-itemize all things you get in a package

-unexpected extra services/gifts have a disproportional impact

losses are more acceptable when integrated
aggregate losses

-add shipping into cost of order

-include dessert or beverage with meal

-one price for the whole set

reference price
standard of comparison against which an observed price is compared

experience dependent
-what is the fair price to you
-what is the most often charged price

context dependent
-regular retail price
-what’s around you

the perception of price
we perceive prices in CONTEXT

-we use reference prices

endowment effect
willingness to pay does not equal willingness to spend
odd-even pricing
selling price of $99 compared to $100
coupons and rebates
those customers who are more price elastic will tend to use the coupon/rebate more often when they purchase the product than those who are less price elastic
third degree price discrimination
different customer segments are charged different prices because of different WTP within the segment

-student discounts, early bird specials, coupons

second degree price discrimination
customers are charged one price for the first block of units they purchase then a different price for the second block

occurs when surplus inventory sold off at lower price

common in industries where fixed costs are high and variable costs are low

ELECTRCITY, WATER, GAS

first degree price discrimination
firm segments the market at the level of the individual consumer and charges each consumer his/her reservation price

closest example is negotiating price, car dealerships

price discrimination
market must be divisible into sub-markets and demand conditions must be different

exists when the same product is sold for different prices, that are not attributable to differences in the cost

brand personality
people anthropomorphize brands

-sincerity
-excitement
-competence
-sophistication
-ruggedness

the case of non-profits
perceived competence drives WTP

-consumers are less likely to buy the same product from a non-profit than for profit BUT subtle cues promoting the credibility erase this effect

brand laddering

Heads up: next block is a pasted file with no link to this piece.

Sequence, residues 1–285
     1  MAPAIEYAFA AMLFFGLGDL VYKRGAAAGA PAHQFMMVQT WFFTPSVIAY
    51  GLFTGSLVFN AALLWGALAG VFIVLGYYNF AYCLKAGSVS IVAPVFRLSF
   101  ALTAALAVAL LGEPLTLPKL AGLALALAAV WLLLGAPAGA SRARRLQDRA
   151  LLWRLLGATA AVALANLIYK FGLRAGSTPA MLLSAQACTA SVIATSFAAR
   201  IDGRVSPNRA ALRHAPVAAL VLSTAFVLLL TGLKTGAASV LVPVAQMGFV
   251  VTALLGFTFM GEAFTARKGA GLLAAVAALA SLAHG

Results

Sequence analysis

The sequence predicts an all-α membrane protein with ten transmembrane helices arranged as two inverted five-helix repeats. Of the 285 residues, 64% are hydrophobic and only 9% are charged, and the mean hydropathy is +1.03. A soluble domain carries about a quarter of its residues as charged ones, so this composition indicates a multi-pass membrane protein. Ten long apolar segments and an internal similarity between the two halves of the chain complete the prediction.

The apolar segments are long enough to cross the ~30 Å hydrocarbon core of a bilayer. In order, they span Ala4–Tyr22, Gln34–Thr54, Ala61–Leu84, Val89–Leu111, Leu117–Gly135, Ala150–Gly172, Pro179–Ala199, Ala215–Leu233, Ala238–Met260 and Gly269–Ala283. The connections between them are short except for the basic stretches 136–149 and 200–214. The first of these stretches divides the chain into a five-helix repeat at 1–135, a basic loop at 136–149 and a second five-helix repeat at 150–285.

brand laddering
building brand concepts that can tell a cohesive story and ultimately project self-worth for the consumer

-at the apex is increased self worth

badge brands
brands that the customer proudly wears
brand promise
marketer’s vision of what the brand must be and do for consumers

basically, the brand proposition

multibrands
hybrid
many products carry the same name, but some don’t

Marriot and Ritz

multibrands
branded house
everything the company sells is under the same brand

Sony and At&t

multibrands
branded house
hybrid
house of brands
why do firms brand
to move beyond commodities and to reduce the primacy of price in the consumer decision process
role of brands
-signify quality
-create barriers to entry
-secure price premium
-serve as competitive advantage
brand
the accumulation of a consumer’s emotions, experiences, and beliefs about a product or service
the product life cycle
-slow growth
-rapid growth (profit peaks)
-slowing down (sales peak)
-rapid decline
Yellowtail
looked at non-customers – beer and ready-mix cocktail drinkers
labelling
identifies product or brand

describes the product

promotes product through graphics

strategy canvas (value curves)
an analytical tool to capture the current state of play in the existing market space
Blue Ocean
about creating value in a new way that didn’t exist before

not about creating value by offering more of the same

ex. Yellowtail wines
-fastest growing wine in the history of the US and Australia

new brand
different quality or positioning

usually goes down in quality, harder to move up in quality

brand extension
same quality and positioning

extending a brand name works best when the “fit” is good

-complimentary of use
-functional attributes
-same user segment
-similar manufacturing and image

multibrands
house of brands
owns a lot of brands
p&g
pepsi challenge
1/2 of participants said they liked coke more
1/2 preferred coke in an anonymous taste test (behavioral preference)